Two-year study of atmospheric aerosols in Alta Floresta, Brazil: Multielemental composition and source apportionment

Willy Maenhaut, Maria Teresa Fernández-Jiménez, Istvan Rajta, Paulo Artaxo

Research output: Contribution to journalArticle

39 Citations (Scopus)

Abstract

Atmospheric aerosol samples were collected nearly continuously from August 1996 until September 1998 at Alta Floresta in a primary forest region of the Amazon basin, Brazil. The sampling device consisted of a stacked filter unit (SFU), which separates the aerosol into a coarse (2-10 μm equivalent aerodynamic diameter (EAD)) and a fine (<2 μm EAD) size fraction. The coarse and fine filters of all SFU samples (205 in total) were analysed for the particulate mass (PM), black carbon (BC), and up to 47 elements (from Na upward). The multielemental analyses were done by a combination of PIXE and instrumental neutron activation analysis. Absolute principal component analysis was used for source (source type) identification and apportionment. Five components were identified in the fine size fraction, i.e. mineral dust, a biomass burning (pyrogenic) component (with PM, BC, S, K, Zn, Br, Rb and I, having loadings in the range 0.7-0.9), a Na/Ca component, a biogenic component (with P), and an almost pure Pb component. On average 67% of the fine PM was attributed to the pyrogenic component, 14% to the mineral dust, 7% each to the biogenic and Na/Ca components, and 4% to the Pb component. The relative contribution from the pyrogenic aerosol varied substantially with season, however. It was generally between 60% and 100% during the dry season. During the wet season, on the other hand, it often became insignificant. During that season, most of the fine aerosol was attributed to the biogenic component.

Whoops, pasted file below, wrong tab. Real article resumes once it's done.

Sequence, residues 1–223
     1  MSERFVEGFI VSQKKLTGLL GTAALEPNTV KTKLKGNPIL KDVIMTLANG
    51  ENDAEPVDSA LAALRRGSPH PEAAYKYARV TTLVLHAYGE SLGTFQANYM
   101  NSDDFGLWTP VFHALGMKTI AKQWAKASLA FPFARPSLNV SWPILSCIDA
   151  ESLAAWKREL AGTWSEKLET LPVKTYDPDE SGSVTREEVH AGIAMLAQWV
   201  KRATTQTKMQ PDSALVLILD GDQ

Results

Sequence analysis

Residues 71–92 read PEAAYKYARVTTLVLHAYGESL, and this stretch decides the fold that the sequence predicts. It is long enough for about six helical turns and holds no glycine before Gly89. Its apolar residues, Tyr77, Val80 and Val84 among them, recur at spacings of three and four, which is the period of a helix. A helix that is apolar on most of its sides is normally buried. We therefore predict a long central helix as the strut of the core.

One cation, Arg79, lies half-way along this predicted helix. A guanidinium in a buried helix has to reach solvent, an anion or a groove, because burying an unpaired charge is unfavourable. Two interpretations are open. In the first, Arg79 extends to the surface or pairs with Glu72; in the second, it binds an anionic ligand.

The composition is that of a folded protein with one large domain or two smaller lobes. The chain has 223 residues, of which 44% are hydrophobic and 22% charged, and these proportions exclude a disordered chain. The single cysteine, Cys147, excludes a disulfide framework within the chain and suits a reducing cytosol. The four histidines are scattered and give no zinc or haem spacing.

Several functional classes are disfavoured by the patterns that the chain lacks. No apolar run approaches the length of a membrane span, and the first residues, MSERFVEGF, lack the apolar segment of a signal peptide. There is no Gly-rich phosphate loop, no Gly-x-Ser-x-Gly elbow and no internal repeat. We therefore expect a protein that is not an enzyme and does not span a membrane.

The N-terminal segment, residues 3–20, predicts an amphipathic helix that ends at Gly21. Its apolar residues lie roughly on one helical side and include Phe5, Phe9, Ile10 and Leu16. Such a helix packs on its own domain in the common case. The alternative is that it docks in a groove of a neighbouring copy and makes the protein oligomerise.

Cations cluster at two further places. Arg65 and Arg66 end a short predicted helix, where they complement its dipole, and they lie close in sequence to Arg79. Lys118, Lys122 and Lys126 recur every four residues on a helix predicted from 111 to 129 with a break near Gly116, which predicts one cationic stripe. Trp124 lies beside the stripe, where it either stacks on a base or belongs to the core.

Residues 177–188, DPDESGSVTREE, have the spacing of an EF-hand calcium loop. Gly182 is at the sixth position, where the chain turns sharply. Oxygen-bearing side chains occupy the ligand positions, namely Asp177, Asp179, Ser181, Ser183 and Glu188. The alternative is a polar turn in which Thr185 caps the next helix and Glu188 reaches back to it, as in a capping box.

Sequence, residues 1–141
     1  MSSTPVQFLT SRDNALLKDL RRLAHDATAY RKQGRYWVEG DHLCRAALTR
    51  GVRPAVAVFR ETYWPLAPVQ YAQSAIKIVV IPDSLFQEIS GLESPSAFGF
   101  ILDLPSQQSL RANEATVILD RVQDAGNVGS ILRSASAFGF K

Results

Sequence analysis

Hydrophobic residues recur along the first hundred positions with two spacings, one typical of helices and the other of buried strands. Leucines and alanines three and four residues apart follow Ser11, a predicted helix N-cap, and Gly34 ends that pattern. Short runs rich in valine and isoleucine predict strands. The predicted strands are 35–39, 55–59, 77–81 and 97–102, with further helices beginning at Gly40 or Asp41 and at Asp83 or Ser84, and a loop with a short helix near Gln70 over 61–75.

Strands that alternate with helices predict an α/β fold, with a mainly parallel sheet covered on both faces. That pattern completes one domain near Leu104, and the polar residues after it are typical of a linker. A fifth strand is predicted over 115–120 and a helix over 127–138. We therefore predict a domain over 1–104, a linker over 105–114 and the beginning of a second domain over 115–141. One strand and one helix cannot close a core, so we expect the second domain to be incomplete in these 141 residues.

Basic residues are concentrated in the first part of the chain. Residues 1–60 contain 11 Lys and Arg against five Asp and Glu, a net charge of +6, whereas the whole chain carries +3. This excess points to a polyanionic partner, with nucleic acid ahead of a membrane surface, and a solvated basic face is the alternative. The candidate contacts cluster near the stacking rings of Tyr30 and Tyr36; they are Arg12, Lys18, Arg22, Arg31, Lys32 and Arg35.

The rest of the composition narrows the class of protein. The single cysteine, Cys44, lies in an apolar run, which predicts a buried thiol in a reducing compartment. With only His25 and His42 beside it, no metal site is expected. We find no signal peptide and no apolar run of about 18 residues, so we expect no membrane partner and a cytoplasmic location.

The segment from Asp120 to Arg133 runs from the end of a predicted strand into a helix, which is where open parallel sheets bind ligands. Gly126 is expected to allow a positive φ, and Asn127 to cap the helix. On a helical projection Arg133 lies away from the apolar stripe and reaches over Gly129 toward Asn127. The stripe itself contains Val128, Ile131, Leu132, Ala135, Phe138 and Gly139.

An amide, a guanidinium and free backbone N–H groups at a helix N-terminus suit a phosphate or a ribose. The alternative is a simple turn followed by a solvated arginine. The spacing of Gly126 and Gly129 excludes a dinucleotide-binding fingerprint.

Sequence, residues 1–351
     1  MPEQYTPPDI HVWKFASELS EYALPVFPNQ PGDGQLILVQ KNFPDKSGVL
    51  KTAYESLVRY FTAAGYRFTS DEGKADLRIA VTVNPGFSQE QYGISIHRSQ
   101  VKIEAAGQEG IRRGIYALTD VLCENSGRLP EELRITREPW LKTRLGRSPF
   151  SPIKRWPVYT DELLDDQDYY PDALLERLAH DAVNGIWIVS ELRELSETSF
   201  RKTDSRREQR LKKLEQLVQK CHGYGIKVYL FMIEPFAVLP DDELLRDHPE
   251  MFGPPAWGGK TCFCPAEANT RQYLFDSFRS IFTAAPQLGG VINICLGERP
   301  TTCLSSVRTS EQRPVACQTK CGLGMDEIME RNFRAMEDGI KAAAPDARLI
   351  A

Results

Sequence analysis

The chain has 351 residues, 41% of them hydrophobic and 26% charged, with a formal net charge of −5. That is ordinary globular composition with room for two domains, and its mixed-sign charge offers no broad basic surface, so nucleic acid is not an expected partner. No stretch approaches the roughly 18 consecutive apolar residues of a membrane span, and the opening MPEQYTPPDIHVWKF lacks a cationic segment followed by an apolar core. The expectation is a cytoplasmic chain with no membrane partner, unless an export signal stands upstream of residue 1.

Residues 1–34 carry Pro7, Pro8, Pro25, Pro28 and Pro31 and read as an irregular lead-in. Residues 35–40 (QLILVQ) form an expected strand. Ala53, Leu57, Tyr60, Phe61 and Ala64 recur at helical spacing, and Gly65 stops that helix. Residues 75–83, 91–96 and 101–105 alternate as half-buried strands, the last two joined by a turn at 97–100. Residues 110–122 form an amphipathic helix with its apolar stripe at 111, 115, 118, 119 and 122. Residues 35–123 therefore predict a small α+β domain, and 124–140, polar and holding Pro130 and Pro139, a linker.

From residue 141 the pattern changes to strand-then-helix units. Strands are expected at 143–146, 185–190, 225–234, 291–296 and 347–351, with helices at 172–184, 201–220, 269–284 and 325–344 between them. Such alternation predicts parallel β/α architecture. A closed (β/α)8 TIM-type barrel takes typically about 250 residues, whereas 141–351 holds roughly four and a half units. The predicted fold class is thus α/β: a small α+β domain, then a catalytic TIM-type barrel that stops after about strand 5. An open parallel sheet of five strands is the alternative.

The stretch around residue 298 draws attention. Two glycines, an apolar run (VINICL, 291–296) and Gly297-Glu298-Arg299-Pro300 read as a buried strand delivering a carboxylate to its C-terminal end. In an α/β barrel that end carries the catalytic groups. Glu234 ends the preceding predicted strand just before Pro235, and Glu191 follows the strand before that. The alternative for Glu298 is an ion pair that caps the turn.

Original languageEnglish
Pages (from-to)243-248
Number of pages6
JournalNuclear Instruments and Methods in Physics Research, Section B: Beam Interactions with Materials and Atoms
Volume189
Issue number1-4
DOIs
Publication statusPublished - Apr 1 2002

    Fingerprint

Keywords

  • Amazon basin
  • Atmospheric aerosols
  • INAA
  • Multielement analysis
  • PIXE
  • Source apportionment

ASJC Scopus subject areas

  • Nuclear and High Energy Physics
  • Instrumentation

Cite this